Macedonia reaches name change deal with Greece
That is because the Balkan nation will hold a popular vote in a referendum later this year to officially change its name to the Northern Republic of Macedonia. The move is part of a plan to resolve longstanding tensions between the country and its neighbor to the south, Greece.
Zoran Zaev, the prime minister of Macedonia, and Alexis Tsipras, the prime minister of Greece, both agreed to the deal on Monday.
The issue goes back a couple of decades, and here’s how it got started:
When Macedonia peacefully gained independence from Yugoslavia in 1991, Greece balked at the name, saying it implied territorial ambitions toward Greece.
As it happens, Greece also has a region called Macedonia. It’s in the northern, mountainous part of the country and includes Greece’s second-largest city, Thessaloniki, and ancient Philippi, a UNESCO World Heritage Site.
The United Nations has been calling it the Former Yugoslav Republic of Macedonia. (You’ll see the acronym FYROM on Google Maps.) In addition to causing confusion, the similar names have been a stumbling block for the nation of Macedonia to join the European Union because of Greece’s objections.
On Twitter, Zaev said the deal preserved the Macedonian ethnic and cultural identity. Both its language and people would continue to be known as Macedonian, he said.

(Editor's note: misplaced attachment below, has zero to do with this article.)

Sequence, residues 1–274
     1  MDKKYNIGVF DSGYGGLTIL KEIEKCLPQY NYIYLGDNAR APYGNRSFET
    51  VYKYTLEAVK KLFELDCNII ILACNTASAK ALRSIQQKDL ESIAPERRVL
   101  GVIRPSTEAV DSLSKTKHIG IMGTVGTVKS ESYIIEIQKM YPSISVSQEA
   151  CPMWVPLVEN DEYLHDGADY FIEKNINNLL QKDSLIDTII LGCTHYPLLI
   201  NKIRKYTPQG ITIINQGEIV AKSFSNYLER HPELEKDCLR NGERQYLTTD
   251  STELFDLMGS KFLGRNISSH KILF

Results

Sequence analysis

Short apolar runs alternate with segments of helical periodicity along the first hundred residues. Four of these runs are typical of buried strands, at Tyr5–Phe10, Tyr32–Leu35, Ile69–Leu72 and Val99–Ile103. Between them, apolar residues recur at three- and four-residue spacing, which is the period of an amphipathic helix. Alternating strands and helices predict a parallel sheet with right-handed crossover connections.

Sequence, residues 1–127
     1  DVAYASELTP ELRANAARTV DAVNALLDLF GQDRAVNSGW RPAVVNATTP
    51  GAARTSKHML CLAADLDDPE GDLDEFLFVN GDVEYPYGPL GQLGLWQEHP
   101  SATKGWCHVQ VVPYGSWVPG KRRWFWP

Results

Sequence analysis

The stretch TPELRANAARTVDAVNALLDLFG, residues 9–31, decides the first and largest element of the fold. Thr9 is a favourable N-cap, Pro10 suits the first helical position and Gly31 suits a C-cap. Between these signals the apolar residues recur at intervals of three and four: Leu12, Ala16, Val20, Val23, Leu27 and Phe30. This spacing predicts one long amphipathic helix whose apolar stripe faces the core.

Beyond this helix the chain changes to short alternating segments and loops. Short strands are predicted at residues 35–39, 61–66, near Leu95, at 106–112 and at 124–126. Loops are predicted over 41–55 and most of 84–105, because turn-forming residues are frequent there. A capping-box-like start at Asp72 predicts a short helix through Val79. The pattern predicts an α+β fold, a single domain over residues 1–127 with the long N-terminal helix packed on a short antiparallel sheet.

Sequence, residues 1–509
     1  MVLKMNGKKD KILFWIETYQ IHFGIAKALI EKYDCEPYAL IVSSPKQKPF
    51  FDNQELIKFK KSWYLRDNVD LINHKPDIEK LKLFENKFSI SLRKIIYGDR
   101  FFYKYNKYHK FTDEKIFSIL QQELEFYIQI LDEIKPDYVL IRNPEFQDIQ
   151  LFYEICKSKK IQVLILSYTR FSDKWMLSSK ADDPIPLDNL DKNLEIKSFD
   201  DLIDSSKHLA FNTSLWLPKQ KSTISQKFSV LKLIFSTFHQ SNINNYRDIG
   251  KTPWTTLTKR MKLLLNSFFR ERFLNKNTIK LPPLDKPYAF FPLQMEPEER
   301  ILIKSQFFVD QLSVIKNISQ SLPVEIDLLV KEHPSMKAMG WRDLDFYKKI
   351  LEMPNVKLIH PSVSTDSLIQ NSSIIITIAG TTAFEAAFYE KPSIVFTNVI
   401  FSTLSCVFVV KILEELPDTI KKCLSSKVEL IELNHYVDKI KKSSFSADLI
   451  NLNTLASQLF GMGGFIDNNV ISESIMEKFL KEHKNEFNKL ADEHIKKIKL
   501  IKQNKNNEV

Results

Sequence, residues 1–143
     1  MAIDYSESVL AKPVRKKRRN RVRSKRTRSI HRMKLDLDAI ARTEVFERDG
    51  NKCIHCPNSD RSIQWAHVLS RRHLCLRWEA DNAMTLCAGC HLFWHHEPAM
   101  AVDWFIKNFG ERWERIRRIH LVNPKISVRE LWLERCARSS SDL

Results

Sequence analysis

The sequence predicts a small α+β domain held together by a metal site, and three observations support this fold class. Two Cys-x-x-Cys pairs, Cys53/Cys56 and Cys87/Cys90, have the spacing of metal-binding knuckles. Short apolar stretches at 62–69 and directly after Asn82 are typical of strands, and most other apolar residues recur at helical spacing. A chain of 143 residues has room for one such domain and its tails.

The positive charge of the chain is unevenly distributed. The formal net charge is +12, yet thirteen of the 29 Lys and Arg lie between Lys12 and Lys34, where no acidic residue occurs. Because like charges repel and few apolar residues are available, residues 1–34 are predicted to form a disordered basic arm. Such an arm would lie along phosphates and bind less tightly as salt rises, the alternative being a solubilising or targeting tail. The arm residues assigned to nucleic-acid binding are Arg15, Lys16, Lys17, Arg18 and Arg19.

Tsipras tweeted: “It is finally ending a conflict that undermined stability in our region and opens a window in the future. A window of solidarity, friendship and cooperation, prosperity and co-development among our peoples.”
Donald Tusk, president of the European Council, tweeted his congratulations to the two leaders: “I am keeping my fingers crossed. Thanks to you the impossible is becoming possible.”
NATO said the agreement will “set Skopje on its path to NATO membership” and praised the two leaders for their willingness to “solve a dispute which has affected the region for too long.”
This is hardly the first country to go through with a name change:
— In 1989, Burma changed its name in English to Myanmar. For good measure, the former capital Rangoon was changed to Yangon.
— In 1997, Zaire became Democratic Republic of the Congo, or DRC, despite having a next-door neighbor named Republic of the Congo. It gets even more confusing: The name Zaire had only been around since 1971. Before that, the name was the Republic of Congo. Yep, the same name that now goes to its neighbor on the north bank of the Congo River.